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Attorney General

An Attorney General may be, depending on the legal and constitutional system of the jurisdiction, a government lawyer of a given nation (or state of the United States of America) with the prime responsibility, under the executive, for prosecutions, and possibility the capacity to give advisory opinions.

Table of contents
1 United States
2 Ireland
3 Canada
4 United Kingdom
5 External links

United States

In the United States the Attorney General is a member of the Cabinet. An attorney general may need to be distinguished from the Solicitor General (in Ireland, Chief State Solicitor), the top lawyer with the responsibility of representing the government in court (in the United States, the United States Solicitor General represents the government before the Supreme Court) (see also United States Attorney General).

Compare with:


In Ireland the Attorney General is the principal law officer of the state and legal adviser to the Government of Ireland. He is not a member of the Government though he attends cabinet meetings. He is appointed by the President of Ireland upon the nomination of the Taoiseach. Before 1974 all crimes and offences were prosecuted at the suit of the Attorney General. Since then indictable criminal offences have been prosecuted by the Director of Public Prosecutions. The Office of the Parliamentary Counsel to Government is a constituent department of the Office of Attorney General.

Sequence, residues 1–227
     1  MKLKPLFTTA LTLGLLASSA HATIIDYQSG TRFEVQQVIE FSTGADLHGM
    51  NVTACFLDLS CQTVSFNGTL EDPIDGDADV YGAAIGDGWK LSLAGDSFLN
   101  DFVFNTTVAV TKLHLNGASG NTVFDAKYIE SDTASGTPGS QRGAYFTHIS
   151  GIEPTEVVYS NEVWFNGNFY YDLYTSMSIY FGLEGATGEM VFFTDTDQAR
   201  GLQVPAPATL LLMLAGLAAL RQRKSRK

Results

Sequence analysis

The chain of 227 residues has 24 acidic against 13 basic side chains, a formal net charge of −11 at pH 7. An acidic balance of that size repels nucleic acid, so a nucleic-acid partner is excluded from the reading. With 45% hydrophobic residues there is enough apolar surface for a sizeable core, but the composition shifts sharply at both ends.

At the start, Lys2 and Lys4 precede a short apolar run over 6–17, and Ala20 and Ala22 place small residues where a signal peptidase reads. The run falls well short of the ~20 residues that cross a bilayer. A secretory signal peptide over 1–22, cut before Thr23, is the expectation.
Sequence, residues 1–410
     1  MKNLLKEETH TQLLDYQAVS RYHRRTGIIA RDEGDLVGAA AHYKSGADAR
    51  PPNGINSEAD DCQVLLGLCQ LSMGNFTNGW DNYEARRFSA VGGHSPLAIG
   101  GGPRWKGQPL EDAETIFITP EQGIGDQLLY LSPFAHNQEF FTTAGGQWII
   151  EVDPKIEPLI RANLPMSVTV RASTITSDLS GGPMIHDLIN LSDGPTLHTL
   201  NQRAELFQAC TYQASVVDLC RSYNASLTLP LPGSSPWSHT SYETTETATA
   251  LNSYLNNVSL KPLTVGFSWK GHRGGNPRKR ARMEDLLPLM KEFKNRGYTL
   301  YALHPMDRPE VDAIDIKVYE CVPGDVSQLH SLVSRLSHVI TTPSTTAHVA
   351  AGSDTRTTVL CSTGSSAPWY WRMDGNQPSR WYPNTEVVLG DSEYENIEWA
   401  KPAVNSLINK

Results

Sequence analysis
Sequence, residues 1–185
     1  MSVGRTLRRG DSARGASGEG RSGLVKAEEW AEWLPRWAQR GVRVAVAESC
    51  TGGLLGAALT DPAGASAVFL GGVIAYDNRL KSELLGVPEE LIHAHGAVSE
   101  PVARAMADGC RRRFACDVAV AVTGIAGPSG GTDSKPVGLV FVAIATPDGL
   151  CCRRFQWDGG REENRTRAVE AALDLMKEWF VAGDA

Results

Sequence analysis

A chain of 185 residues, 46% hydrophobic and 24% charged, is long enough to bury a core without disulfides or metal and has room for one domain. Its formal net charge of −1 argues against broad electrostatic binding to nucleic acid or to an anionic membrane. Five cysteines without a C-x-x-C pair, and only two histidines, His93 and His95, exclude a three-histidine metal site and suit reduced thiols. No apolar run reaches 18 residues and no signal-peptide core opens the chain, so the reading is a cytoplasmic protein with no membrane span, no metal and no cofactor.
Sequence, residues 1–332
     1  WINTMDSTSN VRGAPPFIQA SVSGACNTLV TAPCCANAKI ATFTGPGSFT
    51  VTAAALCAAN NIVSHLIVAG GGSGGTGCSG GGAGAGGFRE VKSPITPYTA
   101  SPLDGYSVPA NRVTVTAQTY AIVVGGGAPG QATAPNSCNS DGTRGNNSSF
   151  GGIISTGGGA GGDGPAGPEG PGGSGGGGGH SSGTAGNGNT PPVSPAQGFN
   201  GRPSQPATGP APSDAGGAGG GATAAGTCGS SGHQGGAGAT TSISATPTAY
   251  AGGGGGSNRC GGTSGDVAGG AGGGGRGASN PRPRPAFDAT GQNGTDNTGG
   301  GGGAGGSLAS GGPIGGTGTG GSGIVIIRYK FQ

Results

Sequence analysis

The Minister of Justice and Attorney General are combined into one cabinet position in Canada. The Attorney General is the chief law officer of the Crown. The Minister of Justice is concerned with questions of policy and their relationship to the justice system.

The Minister of Public Safety and Emergency Preparedness (previously the Solicitor General) is a separate cabinet position and administers the police, prisons and security agencies of the federal government.

United Kingdom

See United Kingdom Attorney General

External links